At the age of eleven, Sonja made her Olympic debut. She came in last in her field. The next time she entered  the rink, she did so as a new competitor altogether. She shed the sport’s standard baggy skate suit and black skates., Instead, she wore a white velvet dress with a hemmed skirt. It ended just above her knee, simultaneously shocking audiences and giving  her the flexibility  to perform tricks and jumps usually only available to men. That year, at just 14 years old, Sonja  won her first World Figure Skating Championship. It would be the first of an unparalleled, consecutive, ten-year domination of the World Championships. The following  year, in 1928, she won the first of three consecutive Olympic gold medals in figure skating. Another unprecedented record. To this day, neither of Sonya’s  winning streaks have been matched.

Sonja rocketed to fame during her early skating career-- as  did rumors about her political affiliations. Just before the 1936 Winter Olympics, where Sonja would win her third gold medal, she skated into a Berlin rink. After being told Adolf Hitler was in attendance, she began her routine with a “Heil Hitler.” It didn’t go over well in the Scandinavian press, and Sonja never fully outlived the scandal.

That same year, Sonja turned away from the competition circuit and set her eyes on a new horizon: Hollywood. She signed a contract with Twentieth Century Fox and from 1936 to 1943, she starred in ten box office hits that showcased her skating. She also started a yearly skating review called, “Sonja Henie Night” at Madison Square Garden.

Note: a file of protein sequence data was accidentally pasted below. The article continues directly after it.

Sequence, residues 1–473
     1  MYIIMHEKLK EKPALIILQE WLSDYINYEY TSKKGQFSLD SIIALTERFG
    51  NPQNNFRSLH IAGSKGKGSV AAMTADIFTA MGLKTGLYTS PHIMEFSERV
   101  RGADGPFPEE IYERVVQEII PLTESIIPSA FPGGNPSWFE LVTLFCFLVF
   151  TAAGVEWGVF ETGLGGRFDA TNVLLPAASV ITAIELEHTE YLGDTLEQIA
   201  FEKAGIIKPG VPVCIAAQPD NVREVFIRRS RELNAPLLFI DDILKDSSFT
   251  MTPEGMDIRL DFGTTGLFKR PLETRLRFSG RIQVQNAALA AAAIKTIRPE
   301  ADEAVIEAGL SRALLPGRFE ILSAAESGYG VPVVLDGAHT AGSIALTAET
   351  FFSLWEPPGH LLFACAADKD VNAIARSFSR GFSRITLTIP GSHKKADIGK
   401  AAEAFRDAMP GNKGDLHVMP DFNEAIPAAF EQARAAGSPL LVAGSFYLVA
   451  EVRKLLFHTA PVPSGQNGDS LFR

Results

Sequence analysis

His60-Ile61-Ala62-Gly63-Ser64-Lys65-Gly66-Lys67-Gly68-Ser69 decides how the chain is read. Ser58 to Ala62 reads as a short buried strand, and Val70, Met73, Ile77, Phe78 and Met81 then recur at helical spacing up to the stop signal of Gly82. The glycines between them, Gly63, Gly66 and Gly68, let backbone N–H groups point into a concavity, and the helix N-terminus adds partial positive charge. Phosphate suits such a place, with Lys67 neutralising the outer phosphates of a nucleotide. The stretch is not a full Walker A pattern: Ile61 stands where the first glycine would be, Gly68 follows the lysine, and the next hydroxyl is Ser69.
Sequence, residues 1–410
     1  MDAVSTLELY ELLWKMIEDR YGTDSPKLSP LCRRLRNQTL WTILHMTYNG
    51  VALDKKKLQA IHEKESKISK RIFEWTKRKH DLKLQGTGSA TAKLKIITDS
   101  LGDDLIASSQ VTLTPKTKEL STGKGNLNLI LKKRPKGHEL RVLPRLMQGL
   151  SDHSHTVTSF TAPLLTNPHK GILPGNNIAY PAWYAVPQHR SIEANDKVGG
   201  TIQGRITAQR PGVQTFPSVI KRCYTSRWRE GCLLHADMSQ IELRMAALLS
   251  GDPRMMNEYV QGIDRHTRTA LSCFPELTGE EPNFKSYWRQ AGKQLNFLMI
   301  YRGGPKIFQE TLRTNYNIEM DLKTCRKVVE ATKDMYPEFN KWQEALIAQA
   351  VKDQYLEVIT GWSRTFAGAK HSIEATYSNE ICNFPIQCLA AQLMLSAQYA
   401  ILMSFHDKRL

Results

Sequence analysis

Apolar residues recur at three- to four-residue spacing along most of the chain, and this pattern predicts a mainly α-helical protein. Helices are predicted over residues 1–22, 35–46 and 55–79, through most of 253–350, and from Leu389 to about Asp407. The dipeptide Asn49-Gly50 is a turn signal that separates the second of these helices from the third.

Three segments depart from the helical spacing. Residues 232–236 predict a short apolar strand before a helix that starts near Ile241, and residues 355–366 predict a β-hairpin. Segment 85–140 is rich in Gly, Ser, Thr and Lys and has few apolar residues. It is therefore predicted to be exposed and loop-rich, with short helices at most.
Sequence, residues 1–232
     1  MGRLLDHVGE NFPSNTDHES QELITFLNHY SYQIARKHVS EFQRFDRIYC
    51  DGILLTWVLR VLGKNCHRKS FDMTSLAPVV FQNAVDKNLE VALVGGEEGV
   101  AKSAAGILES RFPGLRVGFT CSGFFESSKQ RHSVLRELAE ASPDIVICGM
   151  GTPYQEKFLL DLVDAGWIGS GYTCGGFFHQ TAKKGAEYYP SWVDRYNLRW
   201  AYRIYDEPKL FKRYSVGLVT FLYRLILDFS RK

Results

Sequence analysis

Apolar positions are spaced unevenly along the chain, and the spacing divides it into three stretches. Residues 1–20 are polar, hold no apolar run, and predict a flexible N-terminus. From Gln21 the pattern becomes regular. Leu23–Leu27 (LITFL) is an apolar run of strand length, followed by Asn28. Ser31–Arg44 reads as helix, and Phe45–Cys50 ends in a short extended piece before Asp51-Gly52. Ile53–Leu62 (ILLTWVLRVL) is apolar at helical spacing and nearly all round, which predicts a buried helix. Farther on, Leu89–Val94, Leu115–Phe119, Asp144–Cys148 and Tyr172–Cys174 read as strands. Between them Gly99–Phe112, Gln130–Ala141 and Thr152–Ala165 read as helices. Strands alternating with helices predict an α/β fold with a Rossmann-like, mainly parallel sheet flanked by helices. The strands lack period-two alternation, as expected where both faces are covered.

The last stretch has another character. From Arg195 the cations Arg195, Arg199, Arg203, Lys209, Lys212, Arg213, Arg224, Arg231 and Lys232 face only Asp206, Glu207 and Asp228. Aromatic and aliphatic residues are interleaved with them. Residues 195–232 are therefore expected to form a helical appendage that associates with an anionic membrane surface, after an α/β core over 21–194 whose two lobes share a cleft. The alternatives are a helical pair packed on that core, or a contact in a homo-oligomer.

During these years of stardom, Sonja also earned another nickname: “Little Miss Moneybags.” She was often seen wearing luxurious furs, staying at the best hotels, and throwing parties for the Hollywood elite. According to some stories, she even entered one of these parties on the back of an elephant. 

In 1937, Sonja’s father died. . His death marked a change in Sonja’s work ethic. She saved more money, and took more control over her skating shows and movie roles.

During the  1940s, Sonja was married and divorced, twice. By 1952, Sonja  entered her 40s, and her athletic career started  to suffer. Her “Ice Revue” required her to complete eight skating numbers back-to-back -- a tough ask even for an athlete in their prime. By this point, Sonja had been skating at a professional level for over three decades. Fatigue, and a falling out with her previous manager, combined for a less-than-stellar season.. This disappointing performance  led Sonja to retire in 1956. That same year, she married for the final time to Niels Onstad, a childhood friend.

In the 1960s, Sonja and her husband ventured into art collection. They built a museum to house their modern art collection in Oslo. In  1968, Sonja was diagnosed with leukemia. She died on October 12, 1969, at 57 years old. 

All month, we’re talking about Olympians. 

For more on why we’re doing what we’re doing, check out our newsletter Womannica Weekly. 

Follow us on facebook and instagram @encyclopediawomannica. 

Special thanks to Liz Kaplan, my favorite sister and co-creator.

Talk to you tomorrow!